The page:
Dress In Style

Dress In Style

Style changes whether we're dressing ourselves or our salads. Today's salads don't wear thick coats of salmon pink (think "Thousand Island" and "Russian"). Instead, lettuce dresses in custom blends created to highlight and balance the flavors of today's colorful salads. With the abundance of savory vinegars and rich smooth oils available, dressing your salad can be an appetizing experience that can, well, knock your socks off.

Whipping up dressings isn't as easy as opening a store-bought bottle, but your farm-fresh ingredients deserve a little extra effort. When creating, consider the three main styles of salad dressings: creamy, specialty and vinaigrette.

Bleu cheese, ranch, and thousand island are examples of creamy dressings. With mayonnaise, yogurt and/or sour cream bases, these mixtures are seasoned with fresh and dried vegetables and herbs.

Specialty dressings such as pungent Caesar dressing with anchovies, lemon juice and Parmesan cheese augments romaine lettuce and croutons. While baby greens, crispy noodles and sesame seeds are enhanced by silken tofu, soy sauce and sesame seed oil-based Asian dressings.

Salads of greens, brightly-colored fruits and veggies, and robust nuts are enhanced by the most versatile dressings "¦ the vinaigrette. These oil and vinegar dressings all follow the same basic ratio: two parts oil to one part vinegar. "Put the vinegar in first, then whisk in the oil," says Marilyn Moore, author and chef in Ashland. "Use high-quality oil with omega-3 fatty acids, like extra virgin olive oil."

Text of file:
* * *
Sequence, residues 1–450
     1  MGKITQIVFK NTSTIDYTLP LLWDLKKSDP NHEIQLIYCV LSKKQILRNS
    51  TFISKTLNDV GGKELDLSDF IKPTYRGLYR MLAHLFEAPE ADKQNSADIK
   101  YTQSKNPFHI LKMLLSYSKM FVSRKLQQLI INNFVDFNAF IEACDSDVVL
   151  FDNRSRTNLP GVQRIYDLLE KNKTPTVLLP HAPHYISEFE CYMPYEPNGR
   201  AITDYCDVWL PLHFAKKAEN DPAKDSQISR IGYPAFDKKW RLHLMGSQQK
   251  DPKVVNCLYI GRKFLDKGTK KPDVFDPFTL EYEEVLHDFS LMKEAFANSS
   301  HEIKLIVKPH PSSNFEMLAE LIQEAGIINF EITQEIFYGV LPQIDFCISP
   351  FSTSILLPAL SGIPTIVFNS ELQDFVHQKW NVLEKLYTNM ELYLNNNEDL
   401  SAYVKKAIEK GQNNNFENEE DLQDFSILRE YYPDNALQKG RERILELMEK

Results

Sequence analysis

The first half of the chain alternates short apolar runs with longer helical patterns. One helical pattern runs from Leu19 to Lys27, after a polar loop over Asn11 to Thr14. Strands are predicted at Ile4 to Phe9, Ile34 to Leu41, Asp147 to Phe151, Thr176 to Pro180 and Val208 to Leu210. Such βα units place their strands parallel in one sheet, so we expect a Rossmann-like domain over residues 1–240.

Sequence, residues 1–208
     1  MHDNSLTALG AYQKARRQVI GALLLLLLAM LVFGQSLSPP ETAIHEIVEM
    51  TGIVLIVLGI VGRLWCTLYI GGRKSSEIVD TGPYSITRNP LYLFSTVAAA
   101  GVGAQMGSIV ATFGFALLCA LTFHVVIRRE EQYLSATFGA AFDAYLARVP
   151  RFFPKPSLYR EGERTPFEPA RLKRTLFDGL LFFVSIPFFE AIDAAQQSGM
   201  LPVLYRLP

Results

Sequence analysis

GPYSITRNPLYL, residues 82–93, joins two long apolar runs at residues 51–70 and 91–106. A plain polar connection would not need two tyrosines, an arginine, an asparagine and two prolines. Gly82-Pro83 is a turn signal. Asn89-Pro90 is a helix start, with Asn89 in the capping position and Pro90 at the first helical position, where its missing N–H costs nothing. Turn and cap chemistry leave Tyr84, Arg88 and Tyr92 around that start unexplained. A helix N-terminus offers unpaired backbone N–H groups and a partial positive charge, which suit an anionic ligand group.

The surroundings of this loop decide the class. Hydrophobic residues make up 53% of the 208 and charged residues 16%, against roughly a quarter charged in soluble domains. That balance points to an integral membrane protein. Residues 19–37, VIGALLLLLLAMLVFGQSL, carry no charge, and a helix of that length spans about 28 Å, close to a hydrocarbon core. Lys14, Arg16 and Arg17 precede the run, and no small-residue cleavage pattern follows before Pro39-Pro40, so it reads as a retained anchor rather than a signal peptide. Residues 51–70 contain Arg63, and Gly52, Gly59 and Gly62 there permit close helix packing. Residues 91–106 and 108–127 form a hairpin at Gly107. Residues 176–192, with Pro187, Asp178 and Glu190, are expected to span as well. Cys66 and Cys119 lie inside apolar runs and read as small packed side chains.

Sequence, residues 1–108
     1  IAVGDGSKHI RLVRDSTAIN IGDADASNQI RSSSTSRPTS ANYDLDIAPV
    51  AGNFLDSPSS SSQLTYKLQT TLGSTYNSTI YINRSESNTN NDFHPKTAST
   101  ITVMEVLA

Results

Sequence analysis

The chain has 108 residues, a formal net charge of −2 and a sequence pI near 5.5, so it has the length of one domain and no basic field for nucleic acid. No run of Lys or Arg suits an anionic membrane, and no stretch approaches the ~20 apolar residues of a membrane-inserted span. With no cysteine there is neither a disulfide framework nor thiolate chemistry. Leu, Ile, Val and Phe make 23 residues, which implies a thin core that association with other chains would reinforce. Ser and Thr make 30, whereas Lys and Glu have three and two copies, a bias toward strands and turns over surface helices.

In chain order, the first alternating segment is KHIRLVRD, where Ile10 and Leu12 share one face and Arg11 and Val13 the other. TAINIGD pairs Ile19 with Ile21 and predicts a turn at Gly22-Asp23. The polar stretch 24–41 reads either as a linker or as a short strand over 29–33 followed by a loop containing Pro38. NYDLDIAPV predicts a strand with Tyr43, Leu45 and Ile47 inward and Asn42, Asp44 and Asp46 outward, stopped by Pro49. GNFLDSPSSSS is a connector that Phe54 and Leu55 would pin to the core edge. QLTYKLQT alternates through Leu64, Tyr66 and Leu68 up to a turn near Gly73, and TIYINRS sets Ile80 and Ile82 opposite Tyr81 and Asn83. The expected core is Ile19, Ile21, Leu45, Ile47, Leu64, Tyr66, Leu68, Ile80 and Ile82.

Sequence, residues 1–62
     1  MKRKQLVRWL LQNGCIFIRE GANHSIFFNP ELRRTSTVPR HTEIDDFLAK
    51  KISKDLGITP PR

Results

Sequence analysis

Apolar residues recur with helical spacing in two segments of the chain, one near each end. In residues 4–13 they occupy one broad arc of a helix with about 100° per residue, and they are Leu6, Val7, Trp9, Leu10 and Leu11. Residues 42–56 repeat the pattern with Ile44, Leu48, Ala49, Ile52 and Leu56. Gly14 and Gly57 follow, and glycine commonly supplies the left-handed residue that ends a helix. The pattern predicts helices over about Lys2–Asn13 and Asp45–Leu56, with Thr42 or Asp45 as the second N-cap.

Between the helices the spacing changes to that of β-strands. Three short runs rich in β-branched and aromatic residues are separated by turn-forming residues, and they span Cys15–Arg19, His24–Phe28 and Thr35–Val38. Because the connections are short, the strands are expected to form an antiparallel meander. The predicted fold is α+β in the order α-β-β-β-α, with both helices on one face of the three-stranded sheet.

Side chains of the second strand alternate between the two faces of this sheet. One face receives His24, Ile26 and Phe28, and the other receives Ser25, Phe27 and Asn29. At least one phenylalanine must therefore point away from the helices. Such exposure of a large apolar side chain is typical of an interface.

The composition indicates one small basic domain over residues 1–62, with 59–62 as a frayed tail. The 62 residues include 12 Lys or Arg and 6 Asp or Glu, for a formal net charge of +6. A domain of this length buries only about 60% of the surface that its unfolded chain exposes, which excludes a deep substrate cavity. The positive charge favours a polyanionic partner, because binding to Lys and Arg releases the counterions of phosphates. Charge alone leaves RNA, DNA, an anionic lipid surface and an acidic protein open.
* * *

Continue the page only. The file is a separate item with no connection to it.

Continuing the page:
For flavoring, add fresh chopped herbs — garlic, basil, thyme, parsley or sage — and coarsely ground black pepper and sea salt. Chef Sandy Dowling, owner of The Willows Cooking School in Central Point, then incorporates an emulsifier to keep the oil and vinegar from separating and to add another flavor profile to the dressing. "All you need is a teaspoon of egg white, Dijon mustard or honey," she says.

Raw or blanched vegetable dishes are a wonderful way to showcase the nuances of oils such as delicate grape-seed, rich walnut, and subtle hazelnut. With an experimental attitude, you can create your own variations. Substitute different oils and their acid counterparts, lemon juice and the assorted vinegars. Red and white wine vinegars are the most common, but those with a hint of sweetness like rice, white, apple cider and aged balsamic contrast bitter vegetable tastes.

Fruit concentrates add another dimension to salad dressings. Sold as fruit "molasses" in specialty food stores, these sweet, rich reductions can be made at home from fruit juices. Dowling suggests simmering clear filtered juices, like pomegranate juice, until reduced by three-quarters. Then add a tablespoon to your dressing for a fruity kick.

Custom dressings are just the thing for your salads to wear this season. Here are a couple recipes to start you off.

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